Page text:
Sigmoid volvulus: long-term clinical outcome and review of the literature
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CitationSuleyman O;Kessaf AA;Ayhan KM. (2012). Sigmoid volvulus: long-term surgical outcomes and review of the literature. South African Journal of Surgery. Suid-Afrikaanse Tydskrif Vir Chirurgie, 50(1), 9-15. https://pubmed.ncbi.nlm.nih.gov/22353314/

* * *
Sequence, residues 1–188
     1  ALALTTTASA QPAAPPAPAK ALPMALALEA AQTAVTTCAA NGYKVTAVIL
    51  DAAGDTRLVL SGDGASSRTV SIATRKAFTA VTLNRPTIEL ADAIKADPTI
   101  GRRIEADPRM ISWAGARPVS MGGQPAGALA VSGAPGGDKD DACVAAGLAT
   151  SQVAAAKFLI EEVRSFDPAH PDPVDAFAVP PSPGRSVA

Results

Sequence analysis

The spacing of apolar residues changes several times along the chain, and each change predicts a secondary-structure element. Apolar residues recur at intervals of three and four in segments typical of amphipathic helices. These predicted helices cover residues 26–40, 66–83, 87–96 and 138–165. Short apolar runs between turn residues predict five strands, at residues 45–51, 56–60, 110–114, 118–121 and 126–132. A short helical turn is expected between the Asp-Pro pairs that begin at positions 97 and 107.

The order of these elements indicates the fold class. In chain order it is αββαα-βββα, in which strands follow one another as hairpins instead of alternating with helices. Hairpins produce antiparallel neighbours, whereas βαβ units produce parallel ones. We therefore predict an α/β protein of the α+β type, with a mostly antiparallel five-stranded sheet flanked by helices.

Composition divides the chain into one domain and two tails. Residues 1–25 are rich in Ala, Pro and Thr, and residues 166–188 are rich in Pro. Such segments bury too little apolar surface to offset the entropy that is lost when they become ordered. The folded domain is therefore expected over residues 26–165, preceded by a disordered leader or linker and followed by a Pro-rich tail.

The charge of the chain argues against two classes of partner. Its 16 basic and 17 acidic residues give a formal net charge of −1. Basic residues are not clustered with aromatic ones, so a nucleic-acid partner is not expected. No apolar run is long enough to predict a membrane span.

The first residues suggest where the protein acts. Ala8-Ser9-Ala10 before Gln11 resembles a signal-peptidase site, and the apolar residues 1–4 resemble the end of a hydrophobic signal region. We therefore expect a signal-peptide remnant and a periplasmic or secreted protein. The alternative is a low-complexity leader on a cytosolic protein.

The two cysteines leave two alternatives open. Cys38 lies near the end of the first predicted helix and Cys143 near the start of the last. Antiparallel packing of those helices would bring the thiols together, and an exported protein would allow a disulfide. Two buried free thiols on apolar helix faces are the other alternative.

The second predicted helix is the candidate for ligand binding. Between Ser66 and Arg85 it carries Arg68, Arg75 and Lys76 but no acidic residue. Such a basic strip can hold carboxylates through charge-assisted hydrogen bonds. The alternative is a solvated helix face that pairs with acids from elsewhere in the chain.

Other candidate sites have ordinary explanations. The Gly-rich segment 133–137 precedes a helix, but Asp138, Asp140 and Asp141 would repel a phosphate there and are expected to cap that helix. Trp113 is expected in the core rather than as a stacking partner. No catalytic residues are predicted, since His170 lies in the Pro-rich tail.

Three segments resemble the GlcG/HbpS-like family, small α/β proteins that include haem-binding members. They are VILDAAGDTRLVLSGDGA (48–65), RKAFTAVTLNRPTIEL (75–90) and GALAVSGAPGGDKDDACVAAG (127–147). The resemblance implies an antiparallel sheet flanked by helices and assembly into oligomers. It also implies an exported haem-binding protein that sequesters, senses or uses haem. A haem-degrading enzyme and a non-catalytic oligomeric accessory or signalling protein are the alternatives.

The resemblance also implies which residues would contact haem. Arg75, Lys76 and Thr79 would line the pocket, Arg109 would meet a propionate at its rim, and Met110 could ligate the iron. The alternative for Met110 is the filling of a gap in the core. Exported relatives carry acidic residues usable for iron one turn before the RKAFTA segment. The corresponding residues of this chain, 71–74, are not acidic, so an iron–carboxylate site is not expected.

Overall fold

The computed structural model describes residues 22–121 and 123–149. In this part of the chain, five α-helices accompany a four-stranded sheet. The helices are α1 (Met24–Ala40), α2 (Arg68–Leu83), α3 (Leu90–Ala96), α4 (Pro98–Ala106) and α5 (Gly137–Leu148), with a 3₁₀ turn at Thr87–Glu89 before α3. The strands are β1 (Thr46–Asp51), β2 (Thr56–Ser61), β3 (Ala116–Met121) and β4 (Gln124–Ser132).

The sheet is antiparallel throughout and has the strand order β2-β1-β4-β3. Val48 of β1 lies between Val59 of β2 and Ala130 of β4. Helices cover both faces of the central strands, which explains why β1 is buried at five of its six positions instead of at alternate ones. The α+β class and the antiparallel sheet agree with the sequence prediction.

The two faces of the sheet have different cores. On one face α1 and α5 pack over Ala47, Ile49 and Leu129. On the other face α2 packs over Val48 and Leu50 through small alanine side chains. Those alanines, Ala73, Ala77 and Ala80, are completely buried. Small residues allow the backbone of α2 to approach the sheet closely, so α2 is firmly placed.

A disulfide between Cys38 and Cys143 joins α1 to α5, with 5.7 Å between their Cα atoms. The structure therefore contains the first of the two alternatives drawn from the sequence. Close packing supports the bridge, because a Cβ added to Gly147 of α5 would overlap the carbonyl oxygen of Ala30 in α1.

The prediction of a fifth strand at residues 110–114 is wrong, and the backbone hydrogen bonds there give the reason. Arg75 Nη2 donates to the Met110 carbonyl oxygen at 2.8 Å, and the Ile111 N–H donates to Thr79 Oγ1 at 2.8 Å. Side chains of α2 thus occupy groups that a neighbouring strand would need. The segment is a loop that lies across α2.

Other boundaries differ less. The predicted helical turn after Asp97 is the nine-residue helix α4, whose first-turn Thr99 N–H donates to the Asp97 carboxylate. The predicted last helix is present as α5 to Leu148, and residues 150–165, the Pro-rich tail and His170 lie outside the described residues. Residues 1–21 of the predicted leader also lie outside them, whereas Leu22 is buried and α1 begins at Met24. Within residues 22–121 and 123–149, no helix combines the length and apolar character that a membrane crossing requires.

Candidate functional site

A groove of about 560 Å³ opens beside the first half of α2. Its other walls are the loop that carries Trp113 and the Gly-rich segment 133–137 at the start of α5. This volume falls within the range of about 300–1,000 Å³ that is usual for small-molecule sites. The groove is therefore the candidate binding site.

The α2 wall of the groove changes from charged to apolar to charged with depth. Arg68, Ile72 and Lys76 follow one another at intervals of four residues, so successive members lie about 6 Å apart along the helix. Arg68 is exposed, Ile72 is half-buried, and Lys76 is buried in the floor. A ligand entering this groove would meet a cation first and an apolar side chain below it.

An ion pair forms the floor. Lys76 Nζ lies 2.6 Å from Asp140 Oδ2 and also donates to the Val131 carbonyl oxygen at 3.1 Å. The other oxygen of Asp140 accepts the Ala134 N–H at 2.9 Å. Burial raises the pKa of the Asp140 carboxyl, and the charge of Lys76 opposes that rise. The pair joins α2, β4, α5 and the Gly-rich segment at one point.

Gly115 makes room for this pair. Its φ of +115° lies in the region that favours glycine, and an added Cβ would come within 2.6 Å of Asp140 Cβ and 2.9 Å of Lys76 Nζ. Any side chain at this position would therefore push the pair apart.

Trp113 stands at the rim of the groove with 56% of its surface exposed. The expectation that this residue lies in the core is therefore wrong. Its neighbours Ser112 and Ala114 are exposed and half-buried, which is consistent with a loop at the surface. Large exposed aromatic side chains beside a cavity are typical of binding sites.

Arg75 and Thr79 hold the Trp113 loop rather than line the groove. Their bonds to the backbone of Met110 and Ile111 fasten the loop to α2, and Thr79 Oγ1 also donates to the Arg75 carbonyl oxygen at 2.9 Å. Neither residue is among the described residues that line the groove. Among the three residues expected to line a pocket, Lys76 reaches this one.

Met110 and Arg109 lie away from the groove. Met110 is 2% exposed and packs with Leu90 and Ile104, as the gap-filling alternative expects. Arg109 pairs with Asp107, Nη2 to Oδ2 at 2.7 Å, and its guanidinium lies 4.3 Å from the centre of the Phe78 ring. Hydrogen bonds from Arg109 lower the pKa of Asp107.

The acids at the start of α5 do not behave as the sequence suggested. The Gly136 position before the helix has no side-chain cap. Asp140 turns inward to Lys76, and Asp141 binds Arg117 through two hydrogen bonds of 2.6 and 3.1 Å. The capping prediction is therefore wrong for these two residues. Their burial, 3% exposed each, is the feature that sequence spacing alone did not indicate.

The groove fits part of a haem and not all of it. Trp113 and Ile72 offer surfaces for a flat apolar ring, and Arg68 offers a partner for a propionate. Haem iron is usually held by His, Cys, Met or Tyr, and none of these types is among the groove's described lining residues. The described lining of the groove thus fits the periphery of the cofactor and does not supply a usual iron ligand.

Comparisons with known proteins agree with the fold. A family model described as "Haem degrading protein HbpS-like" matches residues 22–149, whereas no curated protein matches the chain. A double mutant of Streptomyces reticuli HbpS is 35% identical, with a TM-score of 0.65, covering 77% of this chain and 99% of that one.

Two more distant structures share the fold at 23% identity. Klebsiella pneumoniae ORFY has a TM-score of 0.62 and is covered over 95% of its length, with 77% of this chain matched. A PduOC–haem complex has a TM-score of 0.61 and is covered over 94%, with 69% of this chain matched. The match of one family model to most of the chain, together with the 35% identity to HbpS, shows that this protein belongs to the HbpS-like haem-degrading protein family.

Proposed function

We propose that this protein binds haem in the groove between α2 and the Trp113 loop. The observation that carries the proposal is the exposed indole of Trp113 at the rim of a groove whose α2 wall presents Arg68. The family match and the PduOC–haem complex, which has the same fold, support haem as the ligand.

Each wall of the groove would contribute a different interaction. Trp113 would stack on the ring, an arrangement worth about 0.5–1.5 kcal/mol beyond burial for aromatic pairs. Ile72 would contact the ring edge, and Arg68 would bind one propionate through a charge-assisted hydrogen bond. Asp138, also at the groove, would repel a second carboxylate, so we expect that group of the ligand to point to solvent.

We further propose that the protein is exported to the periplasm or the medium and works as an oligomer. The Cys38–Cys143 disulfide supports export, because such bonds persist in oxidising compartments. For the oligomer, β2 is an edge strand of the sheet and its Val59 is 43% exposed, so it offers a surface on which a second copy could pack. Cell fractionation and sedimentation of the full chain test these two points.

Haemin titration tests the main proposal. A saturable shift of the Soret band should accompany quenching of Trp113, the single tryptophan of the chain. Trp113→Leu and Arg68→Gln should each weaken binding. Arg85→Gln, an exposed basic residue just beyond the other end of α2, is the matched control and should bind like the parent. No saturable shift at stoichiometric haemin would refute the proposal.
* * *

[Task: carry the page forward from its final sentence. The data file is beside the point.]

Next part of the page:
Objective. Little has been published regarding long-term surgical outcome after the initial management of acute sigmoid colon volvulus. Methods. Patients undergoing primary resection and anastomosis (PRA) or Hartmann's procedure (HP) for sigmoid volvulus between September 1992 and August 2000 were reviewed. Eligible patients who had had the initial procedure at least 5 years previously were contacted and completed a questionnaire regarding recurrence, current symptoms and bowel habits. Results. Data on 42 PRA patients and 36 HP patients were analysed. Follow-up (mean 7.2 years, range 5 - 11 years) was completed for 63 patients (37 PRA, 26 HP). Restoration of bowel continuity was successfully performed in 25 of 26 HP patients. No patient had megacolon. Constipation was reported by 83% of PRA and 65% of HP patients. Of these patients, 51% regularly used laxatives. No patient complained of incontinence, and no recurrences of sigmoid volvulus were recorded during the follow-up period. Conclusion. Sigmoidectomy with primary anastomosis is a good option for the definitive management of sigmoid volvulus. Despite the high constipation rate, no recurrence occurred during long-term follow-up.